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Original article
Prehospital interventions before and after implementation of a physician-staffed helicopter




Asger Sonne, Sandra Wulffeld, Jacob Steinmetz, Lars S. Rasmussen & Rasmus Hesselfeldt



Department of Anaesthesia, Centre of Head and Orthopaedics, Rigshospitalet, Denmark


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Abstract

Introduction: Implementation of a physician-staffed helicopter emergency medical service (HEMS) in eastern Denmark was associated with increased survival for severely injured patients. This study aimed to assess the potential impact of advanced prehospital interventions by comparing the proportion of patients who received those interventions before and after the HEMS implementation.

Methods: A post-hoc analysis of a prospective before-after study. We included trauma patients with Injury Severity Scores above three who had been admitted to seven emergency departments or one level 1 trauma centre in the course of a five-month period before and a 12-month pe­riod after the HEMS implementation. We compared the proportion of patients receiving at least one of 14 predefined advanced interventions between the two periods.

Results: We included 189 patients before and 548 patients after the implementation. The proportion of patients who had interventions done increased from 24.3% to 36.1% (difference (95% confidence limits (CL)); 11.9% (4.6-19.3%), p = 0.003). In patients with a Glasgow Coma Scale score below nine and/or an Abbreviated Injury Score above three in the head region, endotracheal intubation was done prior to hospital arrival in 28.1% (9/32) before versus 48.6% (35/72) after (difference (CL); 20.5% (1.1-39.9%)). The proportion of patients who received opioids increased from 11.1% to 21.8% (p < 0.01).

Conclusion: A higher proportion of trauma patients received advanced prehospital interventions after the implementation of a physician-staffed HEMS.

Funding: Funding for this study was received from TrygFonden.

Trial registration: not relevant.

The role of helicopter emergency medical services (HEMS) in prehospital resuscitation of trauma patients remains controversial. A HEMS could benefit trauma patients in two ways; by faster transport and by providing earlier advanced treatment delivered by a highly experienced physician. It is unclear which of the two mentioned factors is the more important [1-5].


A before-after study evaluating the implementation of the first Danish HEMS found that 30-day mortality was significantly lower in the group of severely injured patients after the HEMS had become part of the system [6]. Patients were transported faster to a level 1 trauma centre, primarily because a higher proportion of patients was transported directly, bypassing local hospitals and avoiding time-consuming secondary transfers. Changes in advanced prehospital interventions were not examined in detail. 


Our aim was to investigate whether the implementation of the physician-staffed HEMS was associated with more trauma patients receiving advanced prehos­pital treatment.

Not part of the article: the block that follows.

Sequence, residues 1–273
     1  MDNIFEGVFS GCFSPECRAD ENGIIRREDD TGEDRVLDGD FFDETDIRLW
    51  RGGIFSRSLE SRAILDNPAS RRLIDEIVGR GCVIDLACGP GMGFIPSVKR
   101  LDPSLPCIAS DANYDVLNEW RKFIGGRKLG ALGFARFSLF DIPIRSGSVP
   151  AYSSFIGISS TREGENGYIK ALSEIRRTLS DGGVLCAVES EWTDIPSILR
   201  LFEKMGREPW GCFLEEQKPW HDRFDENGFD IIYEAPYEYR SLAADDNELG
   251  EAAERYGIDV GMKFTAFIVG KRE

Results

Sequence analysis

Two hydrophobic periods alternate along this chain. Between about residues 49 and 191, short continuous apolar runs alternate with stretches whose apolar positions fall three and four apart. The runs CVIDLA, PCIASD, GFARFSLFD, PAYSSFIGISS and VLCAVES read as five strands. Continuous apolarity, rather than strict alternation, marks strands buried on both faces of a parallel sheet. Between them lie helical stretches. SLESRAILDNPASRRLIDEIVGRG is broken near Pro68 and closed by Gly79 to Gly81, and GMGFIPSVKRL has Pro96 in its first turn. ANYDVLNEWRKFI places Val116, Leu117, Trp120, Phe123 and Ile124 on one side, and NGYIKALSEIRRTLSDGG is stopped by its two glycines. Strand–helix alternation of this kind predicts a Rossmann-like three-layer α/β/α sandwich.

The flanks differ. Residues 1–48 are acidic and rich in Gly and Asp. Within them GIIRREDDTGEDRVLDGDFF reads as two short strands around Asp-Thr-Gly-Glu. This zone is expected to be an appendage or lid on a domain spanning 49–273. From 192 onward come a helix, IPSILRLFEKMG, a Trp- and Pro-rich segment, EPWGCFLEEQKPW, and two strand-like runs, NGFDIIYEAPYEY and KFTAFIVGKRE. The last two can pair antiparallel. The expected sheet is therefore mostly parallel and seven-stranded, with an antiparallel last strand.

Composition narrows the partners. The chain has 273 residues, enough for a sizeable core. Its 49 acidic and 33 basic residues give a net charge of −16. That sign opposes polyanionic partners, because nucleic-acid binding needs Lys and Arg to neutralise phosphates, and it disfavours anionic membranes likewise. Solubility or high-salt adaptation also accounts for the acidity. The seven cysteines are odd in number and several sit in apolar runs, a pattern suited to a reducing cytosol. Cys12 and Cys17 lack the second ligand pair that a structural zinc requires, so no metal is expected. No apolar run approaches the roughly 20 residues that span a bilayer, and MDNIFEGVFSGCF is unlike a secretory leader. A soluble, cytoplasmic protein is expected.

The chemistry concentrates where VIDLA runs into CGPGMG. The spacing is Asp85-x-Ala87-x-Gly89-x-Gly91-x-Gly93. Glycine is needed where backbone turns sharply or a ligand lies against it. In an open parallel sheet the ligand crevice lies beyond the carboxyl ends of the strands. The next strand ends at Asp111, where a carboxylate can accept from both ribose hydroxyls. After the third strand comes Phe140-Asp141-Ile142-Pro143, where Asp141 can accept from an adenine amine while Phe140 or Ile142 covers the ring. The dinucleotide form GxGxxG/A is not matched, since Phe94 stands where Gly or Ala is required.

Trauma patients attended to by the Helicopter Emergency Medical Service receive more advanced treatment on site.



METHODS


This was a post-hoc analysis of a previously published prospective before-after study [6]. The patients were trauma patients who triggered trauma team activation in any of the seven emergency departments in Region Zealand or one level 1 trauma centre from 1 December 2009 to 30 April 2010 (before the HEMS implementation) and from 1 May 2010 to 30 April 2011 (after the HEMS implementation). Patients were registered prospectively in an electronic database containing information on prehospital and in-hospital treatment. 


The Emergency Medical System


The regional ground emergency medical service (GEMS) was a two-tiered system consisting of ambulances staffed with emergency medical service (EMS) providers on three competence levels, and mobile emergency care units (MECU) staffed with consultant anaesthesiologists or anaesthetic nurses, trained in endotracheal intubation. The EMS providers were all trained in basic life support. Level 2 and 3 providers were all certified in providing prehospital trauma life support. Level 3 providers had authority to administer intravenous medication and to insert laryngeal masks. Ground ambulances were manned by a level 1 provider in addition to either a level 2 or 3 provider. The GEMS remained the same after the HEMS implementation, but four out of five MECU units were omitted from 1 March 2011 (the last two months of our study). The HEMS team consisted of a consultant anaesthesiologist, a HEMS paramedic and a pilot. During the observation period, the HEMS operated in daylight hours in addition to the existing EMS. HEMS could be activated in case of severe injury, mass casualty or if paediatric trauma (< 2 years) was suspected based on the alarm call, or as secondary dispatch based on request from the EMS at the scene of injury. Moreover, the estimated transport time from the scene to the level 1 trauma centre by ground ambulance should exceed 30 minutes. We divided patients into four groups based on the highest competence level present at the scene of injury; level 2 provider, level 3 provider or MECU nurse, MECU physician or HEMS physician.


Data collection